Latest posts by Ayma Mansoor (see all)
- Be An Encourager, The World Has Plenty Of Critics Already! - June 16, 2017
- You’re More Than The Number On The Scales - May 26, 2017
- Saving the so called ‘khandan ki izzat’ - April 2, 2017
The wedding festivities continued with great fervor for an entire week. Mr. Khan married off his only daughter, Hamna, to one of his close friend’s son. A handsome and a decent young man, a cardiac surgeon by profession, he seemed like a perfect match. The groom’s family, being highly educated and honest, didn’t allow Hamna to bring along any dowry. In the days that followed the wedding, they treated Hamna like their daughter and made her feel home, away from home. Hamna was grateful for being blessed with such a loving husband and supportive in-laws. It was as if she was the living the perfect life.
About a month after their wedding, Hamna’s husband developed a terrible temper. At first, it was just verbal abuse, but one day, getting angry at some very petty issue, he slapped her. Hamna was shocked as she never expected something so cruel from her husband who had, till then, been so loving. However, he was embarrassed and apologized at once. Hamna decided to let go of it, but the incident repeated the next week and started to occur more often. He would frequently rebuke her and sometimes hit her as if taking out his frustration on her. Having had enough, one-day Hamna decided to confide into her mother-in-law. Hamna told her everything, but she simply told her that it wasn’t something uncommon in their family and that her son had always been like this by nature. She agreed to advise her son, but she focused primarily on ‘Apne pyar se usey badalne ki koshish kro’ (Try to change him with your love).
As if Hamna hadn’t tried that already. Not once had she reacted to his admonition, but continued serving him and loving him as she did before. However, it did no good. In fact, his behavior only worsened. She would hide her bruises and marks or lie about them when someone asked. One day, after he hit her with a frame, which left a big wound on her forehead, Hamna couldn’t take it anymore and went home. Until now, she hadn’t told her parents anything because she didn’t want to upset them. But this time told her parents everything and that she is considering calling this relationship quits. Her father wanted to support her, but her mom being a typical Asian Amma, told her not to let this little issue break their relationship and that ‘Aurat hi ghar banati ya bigarte ha’ (It is the woman who either makes or breaks a home). ‘Loag kya kehenge ge agr beti wapis ghar beth gae’ (What would people say if you split ways with him and come back home). As if the people’s view mattered more than their daughter’s mental peace and physical safety.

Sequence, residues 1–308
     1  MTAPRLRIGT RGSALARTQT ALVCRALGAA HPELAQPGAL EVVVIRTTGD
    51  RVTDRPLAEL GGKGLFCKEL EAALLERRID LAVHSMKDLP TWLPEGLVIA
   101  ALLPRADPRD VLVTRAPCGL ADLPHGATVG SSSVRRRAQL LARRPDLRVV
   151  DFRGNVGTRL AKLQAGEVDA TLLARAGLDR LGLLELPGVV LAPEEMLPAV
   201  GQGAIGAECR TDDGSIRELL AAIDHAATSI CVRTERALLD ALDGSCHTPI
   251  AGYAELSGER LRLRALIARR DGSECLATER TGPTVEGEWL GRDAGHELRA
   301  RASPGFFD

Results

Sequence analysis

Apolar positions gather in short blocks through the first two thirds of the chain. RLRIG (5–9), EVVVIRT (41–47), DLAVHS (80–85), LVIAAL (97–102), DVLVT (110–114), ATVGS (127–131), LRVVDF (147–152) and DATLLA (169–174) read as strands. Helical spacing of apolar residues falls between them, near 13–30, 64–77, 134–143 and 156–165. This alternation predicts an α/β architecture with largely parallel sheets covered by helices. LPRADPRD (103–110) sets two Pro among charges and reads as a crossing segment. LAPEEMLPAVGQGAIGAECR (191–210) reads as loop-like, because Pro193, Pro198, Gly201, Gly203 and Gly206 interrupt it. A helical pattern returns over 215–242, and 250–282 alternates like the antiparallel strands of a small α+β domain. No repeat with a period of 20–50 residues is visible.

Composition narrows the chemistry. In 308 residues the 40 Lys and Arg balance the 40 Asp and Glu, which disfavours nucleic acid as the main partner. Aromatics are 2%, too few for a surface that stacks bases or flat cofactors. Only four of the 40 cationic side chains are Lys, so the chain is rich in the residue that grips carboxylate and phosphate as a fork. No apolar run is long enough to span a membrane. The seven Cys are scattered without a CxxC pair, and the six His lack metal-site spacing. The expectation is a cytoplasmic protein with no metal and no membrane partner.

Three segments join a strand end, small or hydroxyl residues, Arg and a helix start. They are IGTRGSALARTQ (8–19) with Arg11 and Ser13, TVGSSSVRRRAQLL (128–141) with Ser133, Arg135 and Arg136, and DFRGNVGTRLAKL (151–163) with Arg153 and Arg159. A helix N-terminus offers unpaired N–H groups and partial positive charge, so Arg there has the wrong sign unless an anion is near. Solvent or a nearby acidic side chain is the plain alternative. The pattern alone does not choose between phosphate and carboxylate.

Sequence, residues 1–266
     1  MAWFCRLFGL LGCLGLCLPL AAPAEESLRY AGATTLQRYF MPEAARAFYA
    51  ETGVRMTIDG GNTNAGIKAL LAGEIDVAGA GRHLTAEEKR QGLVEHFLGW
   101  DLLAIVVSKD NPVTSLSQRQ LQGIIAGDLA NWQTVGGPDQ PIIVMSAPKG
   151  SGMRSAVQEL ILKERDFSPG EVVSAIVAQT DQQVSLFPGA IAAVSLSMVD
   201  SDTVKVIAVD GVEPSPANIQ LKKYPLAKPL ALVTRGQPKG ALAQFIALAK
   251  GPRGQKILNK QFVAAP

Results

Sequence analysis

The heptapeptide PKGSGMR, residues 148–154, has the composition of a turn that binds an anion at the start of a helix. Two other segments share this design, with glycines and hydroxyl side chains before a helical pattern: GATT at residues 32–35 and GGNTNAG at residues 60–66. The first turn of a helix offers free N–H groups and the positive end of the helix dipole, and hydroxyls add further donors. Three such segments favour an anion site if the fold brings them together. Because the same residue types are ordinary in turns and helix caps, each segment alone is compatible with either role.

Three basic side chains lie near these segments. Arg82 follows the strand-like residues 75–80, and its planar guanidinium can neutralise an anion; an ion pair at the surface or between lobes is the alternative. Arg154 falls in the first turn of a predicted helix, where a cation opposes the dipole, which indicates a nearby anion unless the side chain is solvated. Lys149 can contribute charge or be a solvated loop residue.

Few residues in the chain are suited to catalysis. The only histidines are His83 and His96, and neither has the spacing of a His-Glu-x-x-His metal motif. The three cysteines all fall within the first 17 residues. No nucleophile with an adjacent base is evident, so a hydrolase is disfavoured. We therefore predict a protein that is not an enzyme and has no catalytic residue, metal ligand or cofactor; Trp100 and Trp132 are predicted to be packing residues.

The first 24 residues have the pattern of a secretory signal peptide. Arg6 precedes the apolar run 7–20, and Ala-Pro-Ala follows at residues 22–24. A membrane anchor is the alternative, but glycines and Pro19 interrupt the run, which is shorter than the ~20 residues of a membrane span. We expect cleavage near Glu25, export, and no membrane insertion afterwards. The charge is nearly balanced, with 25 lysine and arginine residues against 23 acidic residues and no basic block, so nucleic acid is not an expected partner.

Nonetheless, they convinced her to go back to all that torture to protect the so-called ‘khandaan ki izzat’. They promised her that they would strictly warn him and will take this matter seriously if he does it again. If only they knew there was not to be the next time. The following week, he shoved her to the wall, which led to her internal bleeding, and she expired shortly after being taken to the hospital.
As for who killed her, it was not her husband alone, but her parents as well as her in-laws who couldn’t support her. Why doesn’t the society realize that marrying off your son to a girl hoping that she would miraculously reform his character and bad behavior, isn’t justified? How can his newly wed wife be expected to teach him the morals and values that should have been instilled in him at a much younger age? I wonder how many more girls need to be sacrificed before the society learns this!
Feature Image Credit: A scene from Afghanistan’s Palwasha TV series, a show that draws attention to the issue of violence against women.
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